One bright bit of news for Atlantic City: Casino revenue on the rise
New figures released by the New Jersey Gaming Enforcement Division show the eight Atlantic City casinos took in $204.7 million during the month of February — up 14.7 percent from the same time last year.
The data also shows Internet gambling generated $14.7 million in profits for the casinos last month, an increase of 42 percent compared to February 2015.
“It’s very good news for Atlantic City and it demonstrates that the market there has stabilized with the closing of four casinos two years ago, so it’s going to be good for Atlantic City going forward,” said Roger Gros, the publisher of Global Gaming Business magazine.
That good news still comes against a bleak backdrop — with Atlantic City's government about to run out of money, property taxes up by more than half, and a budget deficit that can't be closed without state help. State officials are considering a controversial takeover of the city, hoping to avoid a bankruptcy. The state Senate approved a bill authorizing the takeover Monday, but the Assembly still hasn't scheduled a vote on the matter.
Gros stressed the increase in Internet gaming is important because “the more people you have playing online, the more revenue you’re going to get and the more people you’re going to be able to direct to Atlantic City, so I think it’s a positive move for Atlantic City.”
Six of the eight casinos posted monthly increases, led by the Borgata, which was up more than 29 percent from a year ago, to $62.8 million. The Trump Taj Majal, which was recently taken over by billionaire Carl Icahn, had a slight decline of less than 1 percent, to just over $12 million. Caesars was down 8.3 percent to $22.6 million.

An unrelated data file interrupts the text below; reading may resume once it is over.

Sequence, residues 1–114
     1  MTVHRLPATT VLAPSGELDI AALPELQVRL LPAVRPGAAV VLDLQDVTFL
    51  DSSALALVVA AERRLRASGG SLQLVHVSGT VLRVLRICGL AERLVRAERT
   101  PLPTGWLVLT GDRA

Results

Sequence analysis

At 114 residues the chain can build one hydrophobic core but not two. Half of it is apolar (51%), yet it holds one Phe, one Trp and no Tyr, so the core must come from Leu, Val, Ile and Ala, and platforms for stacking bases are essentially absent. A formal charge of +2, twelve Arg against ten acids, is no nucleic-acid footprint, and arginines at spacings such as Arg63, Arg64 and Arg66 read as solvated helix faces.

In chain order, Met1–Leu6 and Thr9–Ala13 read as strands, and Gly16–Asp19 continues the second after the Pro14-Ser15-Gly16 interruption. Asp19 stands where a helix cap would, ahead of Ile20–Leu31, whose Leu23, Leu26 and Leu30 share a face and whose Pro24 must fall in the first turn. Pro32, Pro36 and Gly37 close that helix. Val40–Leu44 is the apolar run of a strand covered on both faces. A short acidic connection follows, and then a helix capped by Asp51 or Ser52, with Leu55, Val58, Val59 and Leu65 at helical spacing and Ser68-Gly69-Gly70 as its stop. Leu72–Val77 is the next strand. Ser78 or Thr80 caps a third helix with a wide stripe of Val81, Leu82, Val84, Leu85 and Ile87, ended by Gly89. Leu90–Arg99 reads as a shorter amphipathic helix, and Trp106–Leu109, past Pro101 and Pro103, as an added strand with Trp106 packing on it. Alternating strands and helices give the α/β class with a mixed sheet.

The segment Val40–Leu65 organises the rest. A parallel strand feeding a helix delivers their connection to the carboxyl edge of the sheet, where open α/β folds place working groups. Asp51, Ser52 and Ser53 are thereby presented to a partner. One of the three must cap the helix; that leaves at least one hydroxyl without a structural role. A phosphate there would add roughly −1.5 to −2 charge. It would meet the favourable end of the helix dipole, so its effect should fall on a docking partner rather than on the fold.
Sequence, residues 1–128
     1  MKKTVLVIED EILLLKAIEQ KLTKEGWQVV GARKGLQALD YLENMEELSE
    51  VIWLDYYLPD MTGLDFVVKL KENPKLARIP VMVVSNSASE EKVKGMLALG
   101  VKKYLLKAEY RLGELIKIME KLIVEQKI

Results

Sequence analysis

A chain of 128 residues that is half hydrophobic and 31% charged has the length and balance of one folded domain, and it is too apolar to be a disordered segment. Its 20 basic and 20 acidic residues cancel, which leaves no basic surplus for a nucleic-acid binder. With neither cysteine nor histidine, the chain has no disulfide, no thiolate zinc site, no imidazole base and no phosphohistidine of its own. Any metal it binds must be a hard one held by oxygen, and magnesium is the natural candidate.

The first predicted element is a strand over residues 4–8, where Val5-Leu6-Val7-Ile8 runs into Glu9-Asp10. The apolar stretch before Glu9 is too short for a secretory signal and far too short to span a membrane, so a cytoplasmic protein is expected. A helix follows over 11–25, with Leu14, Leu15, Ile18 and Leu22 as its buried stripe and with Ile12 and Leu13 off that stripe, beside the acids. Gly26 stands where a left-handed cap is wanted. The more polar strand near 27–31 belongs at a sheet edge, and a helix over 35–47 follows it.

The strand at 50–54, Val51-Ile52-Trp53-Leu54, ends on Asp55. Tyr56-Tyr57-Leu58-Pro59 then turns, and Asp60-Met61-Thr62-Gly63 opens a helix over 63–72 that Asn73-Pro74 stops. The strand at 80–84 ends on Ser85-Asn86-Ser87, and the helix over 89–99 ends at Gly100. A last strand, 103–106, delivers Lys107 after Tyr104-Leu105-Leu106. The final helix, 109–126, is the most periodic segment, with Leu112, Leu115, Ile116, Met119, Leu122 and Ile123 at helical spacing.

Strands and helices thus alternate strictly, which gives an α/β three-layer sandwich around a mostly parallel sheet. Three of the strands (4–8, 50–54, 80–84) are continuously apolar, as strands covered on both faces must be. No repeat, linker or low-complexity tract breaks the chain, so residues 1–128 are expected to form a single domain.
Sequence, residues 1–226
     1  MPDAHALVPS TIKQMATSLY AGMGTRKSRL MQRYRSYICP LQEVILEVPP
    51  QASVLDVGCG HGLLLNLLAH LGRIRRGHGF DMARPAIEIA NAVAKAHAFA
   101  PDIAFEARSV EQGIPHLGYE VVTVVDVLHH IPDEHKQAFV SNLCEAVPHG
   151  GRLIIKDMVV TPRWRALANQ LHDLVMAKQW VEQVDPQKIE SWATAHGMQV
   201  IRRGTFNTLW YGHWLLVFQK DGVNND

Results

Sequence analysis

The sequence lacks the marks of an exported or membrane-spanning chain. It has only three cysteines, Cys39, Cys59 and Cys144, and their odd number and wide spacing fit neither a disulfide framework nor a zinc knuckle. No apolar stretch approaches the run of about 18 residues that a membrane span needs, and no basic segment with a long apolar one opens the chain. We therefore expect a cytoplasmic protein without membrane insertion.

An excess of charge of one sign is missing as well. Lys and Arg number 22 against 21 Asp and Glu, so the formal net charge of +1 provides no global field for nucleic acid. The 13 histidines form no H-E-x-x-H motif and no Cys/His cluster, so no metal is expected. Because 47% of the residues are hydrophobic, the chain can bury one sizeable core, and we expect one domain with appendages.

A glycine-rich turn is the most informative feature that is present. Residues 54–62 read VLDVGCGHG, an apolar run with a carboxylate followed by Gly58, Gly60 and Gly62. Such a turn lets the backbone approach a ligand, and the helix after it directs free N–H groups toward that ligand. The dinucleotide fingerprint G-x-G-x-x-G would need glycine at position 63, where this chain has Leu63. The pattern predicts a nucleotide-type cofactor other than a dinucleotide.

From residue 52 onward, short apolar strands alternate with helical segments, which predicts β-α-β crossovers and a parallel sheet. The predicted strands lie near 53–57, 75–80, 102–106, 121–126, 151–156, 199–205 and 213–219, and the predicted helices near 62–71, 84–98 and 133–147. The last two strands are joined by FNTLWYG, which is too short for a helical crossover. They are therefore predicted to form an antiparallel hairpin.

He was quick to add however that things could quickly turn sour for AC if casino gambling is allowed to expand into North Jersey. Voters will decide in November whether to allow two casinos to be built in the northern part of the state.
“Atlantic City is establishing itself right now as a regional destination resort that doesn’t depend entirely on gambling,” Gros said. “However if casinos are allowed to open in North Jersey AC won’t have a chance to recreate itself as a resort town that offers more than gambling, it will completely destroy what is trying to be developed.”
Gros believes it’s important that Atlantic City be allowed to continue to develop itself as a no- gaming resort because the gaming market has become oversaturated.
“If Atlantic City is allowed more time to develop itself as a destination resort that offers more than gambling people will come to Atlantic City for trade shows, for conventions, they will also come for weekend getaways, to shop, to dine and for the entertainment,” he said. “If you’re going to open a casino in North Jersey it’s going to be detrimental to what you’re developing in Atlantic City. This is not a good strategy, the strategy should be to concentrate on gaming in Atlantic City, build up Atlantic City, make sure that people come there and continue to game there.”
He said people should realize that by expanding casino gambling into North Jersey, “this isn’t going to solve the situation in Atlantic City. It’s going to make it even worse.”